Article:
• Referred to as “Client-Based”, meaning they require a Database Application to use the native file format.

    • Medium/Large Databases

      • Requires Web Server Software

      • Server-based databases must be “scalable”.

      • Can be accessible through Server-Side Languages and the Web

    • Enterprise Databases

      • Usually based on “Clustered” Servers- More than one server working in tandem providing the same resources.

      • Often uses 64bit computing power (Windows Sever 2003 64bit, 64bit flavors of UNIX or Linux.

      • Extremely costly- there are the backbone for massive e-commerce sites like Amazon.com or eBay


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Flat-File Databases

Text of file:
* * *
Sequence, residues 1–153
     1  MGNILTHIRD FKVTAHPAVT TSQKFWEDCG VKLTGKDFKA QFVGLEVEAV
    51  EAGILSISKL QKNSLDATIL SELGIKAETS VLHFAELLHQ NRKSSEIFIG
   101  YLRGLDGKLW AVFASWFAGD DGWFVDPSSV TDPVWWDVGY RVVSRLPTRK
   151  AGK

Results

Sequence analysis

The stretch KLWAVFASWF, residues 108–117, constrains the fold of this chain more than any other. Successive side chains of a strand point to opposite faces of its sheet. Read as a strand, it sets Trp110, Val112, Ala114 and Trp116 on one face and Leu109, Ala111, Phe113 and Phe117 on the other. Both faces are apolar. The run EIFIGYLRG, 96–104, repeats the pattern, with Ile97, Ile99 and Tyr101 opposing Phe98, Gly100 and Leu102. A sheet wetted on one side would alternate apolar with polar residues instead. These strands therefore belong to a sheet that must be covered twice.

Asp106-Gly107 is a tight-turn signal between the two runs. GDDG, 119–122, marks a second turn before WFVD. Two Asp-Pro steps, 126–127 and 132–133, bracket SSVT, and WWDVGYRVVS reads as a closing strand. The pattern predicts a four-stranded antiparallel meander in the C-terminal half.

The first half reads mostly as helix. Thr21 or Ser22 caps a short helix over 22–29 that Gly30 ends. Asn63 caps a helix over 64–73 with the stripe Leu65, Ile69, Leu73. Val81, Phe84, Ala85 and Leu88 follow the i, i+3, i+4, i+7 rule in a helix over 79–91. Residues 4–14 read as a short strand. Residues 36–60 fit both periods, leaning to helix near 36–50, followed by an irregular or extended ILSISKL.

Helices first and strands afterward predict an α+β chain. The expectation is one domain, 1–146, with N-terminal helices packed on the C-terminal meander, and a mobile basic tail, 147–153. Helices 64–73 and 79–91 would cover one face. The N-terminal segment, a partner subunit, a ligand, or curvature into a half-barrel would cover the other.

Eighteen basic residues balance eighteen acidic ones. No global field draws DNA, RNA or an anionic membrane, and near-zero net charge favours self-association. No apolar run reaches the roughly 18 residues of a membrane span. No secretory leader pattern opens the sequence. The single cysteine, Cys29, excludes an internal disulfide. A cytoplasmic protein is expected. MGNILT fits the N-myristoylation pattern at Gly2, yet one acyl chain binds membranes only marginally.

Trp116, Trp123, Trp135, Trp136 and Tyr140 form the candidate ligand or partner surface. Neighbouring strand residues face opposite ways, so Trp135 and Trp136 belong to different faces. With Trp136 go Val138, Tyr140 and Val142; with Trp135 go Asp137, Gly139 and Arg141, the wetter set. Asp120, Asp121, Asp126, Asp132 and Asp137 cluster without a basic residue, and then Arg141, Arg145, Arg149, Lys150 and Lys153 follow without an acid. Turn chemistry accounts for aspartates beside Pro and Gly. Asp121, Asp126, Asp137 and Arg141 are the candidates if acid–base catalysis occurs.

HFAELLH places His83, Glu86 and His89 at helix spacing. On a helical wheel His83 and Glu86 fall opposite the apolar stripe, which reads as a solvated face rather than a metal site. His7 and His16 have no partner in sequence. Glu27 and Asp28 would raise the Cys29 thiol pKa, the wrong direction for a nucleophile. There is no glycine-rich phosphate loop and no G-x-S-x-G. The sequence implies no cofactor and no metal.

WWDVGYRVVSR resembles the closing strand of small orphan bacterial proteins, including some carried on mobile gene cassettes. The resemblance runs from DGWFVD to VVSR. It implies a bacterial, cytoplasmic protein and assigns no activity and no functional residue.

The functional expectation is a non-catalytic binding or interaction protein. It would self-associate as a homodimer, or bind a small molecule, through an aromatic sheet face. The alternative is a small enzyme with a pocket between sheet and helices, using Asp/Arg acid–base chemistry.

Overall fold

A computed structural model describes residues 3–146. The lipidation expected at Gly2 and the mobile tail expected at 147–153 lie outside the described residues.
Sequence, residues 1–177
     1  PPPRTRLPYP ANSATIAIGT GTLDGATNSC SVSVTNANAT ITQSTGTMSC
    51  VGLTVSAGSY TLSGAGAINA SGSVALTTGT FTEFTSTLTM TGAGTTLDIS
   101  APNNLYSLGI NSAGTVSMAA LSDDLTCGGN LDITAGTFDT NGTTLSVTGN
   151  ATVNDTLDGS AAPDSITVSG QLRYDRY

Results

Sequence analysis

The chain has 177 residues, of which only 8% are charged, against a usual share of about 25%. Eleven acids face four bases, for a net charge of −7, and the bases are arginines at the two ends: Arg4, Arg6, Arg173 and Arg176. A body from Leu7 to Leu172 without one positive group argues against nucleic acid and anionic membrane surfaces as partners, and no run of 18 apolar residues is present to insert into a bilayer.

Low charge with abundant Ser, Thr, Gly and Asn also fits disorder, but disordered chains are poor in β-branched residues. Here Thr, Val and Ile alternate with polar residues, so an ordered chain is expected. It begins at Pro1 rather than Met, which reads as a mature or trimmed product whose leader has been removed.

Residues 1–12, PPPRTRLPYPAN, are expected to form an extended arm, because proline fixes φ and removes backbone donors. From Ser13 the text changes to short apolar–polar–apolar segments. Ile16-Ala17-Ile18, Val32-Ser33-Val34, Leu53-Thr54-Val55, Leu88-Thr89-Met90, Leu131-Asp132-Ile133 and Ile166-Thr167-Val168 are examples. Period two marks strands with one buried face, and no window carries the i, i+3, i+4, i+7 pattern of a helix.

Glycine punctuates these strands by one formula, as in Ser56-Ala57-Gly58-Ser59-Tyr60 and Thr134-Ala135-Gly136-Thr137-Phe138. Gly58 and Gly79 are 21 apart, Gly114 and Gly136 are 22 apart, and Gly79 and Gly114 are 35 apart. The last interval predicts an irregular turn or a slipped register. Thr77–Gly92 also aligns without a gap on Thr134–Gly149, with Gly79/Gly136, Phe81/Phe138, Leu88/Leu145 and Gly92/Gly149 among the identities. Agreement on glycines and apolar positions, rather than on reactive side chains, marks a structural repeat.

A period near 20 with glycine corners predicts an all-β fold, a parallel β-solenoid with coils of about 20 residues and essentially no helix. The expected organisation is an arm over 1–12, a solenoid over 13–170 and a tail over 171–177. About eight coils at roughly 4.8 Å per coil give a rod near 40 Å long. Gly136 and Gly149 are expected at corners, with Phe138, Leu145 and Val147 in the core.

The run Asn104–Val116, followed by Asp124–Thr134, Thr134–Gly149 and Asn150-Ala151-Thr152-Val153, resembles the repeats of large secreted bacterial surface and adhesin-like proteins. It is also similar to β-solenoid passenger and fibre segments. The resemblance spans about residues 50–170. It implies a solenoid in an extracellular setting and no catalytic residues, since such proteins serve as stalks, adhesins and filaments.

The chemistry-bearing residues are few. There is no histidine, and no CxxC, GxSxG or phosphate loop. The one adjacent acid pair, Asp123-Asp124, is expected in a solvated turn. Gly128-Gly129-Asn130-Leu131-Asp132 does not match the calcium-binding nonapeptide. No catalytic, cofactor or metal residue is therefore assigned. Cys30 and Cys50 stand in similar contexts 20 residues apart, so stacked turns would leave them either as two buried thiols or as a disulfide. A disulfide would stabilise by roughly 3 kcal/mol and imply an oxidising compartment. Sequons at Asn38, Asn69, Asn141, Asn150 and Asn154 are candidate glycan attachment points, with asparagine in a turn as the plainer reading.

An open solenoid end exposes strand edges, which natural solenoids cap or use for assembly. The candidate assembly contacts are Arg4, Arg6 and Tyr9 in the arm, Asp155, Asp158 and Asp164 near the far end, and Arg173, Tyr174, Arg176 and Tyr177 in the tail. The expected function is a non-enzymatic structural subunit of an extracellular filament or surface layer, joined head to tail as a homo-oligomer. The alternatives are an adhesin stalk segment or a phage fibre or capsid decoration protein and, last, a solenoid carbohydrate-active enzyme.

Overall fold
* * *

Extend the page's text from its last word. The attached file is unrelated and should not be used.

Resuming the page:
• Flat-File Databases are usually built around standard “Office” documents like MS Word or MS Excel.

    • Any tabular document, in essence, is a flat file database.

    • Your phonebook on your cellphone is a flat-file database

    • They are not easily updated through the web are usually only used for display-only content (like product info).

  • Flat-File Databases are used as a foundation for Small or Web-Based Database tools because they provide a more familiar environment for people unfamiliar with unconventional databases.

  • HTML tabular data is another example of a Flat-File Database


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XML

  • XML (eXtendible Markup Language) is an example of a flat-file language that is written very similarly to HTML/XHTML (it’s syntax provides the “X” in XHTML).

    • XML can be created using ANY text editor, but is often created using Web Design tools like FrontPage or Dreamweaver.

    • Can be used through the web and by tools like Flash.

    • XML is a “Well-Formed” language, meaning that it is both case and tag-sensitive.

    • XML is open source- many products are used to create it and no one owns it.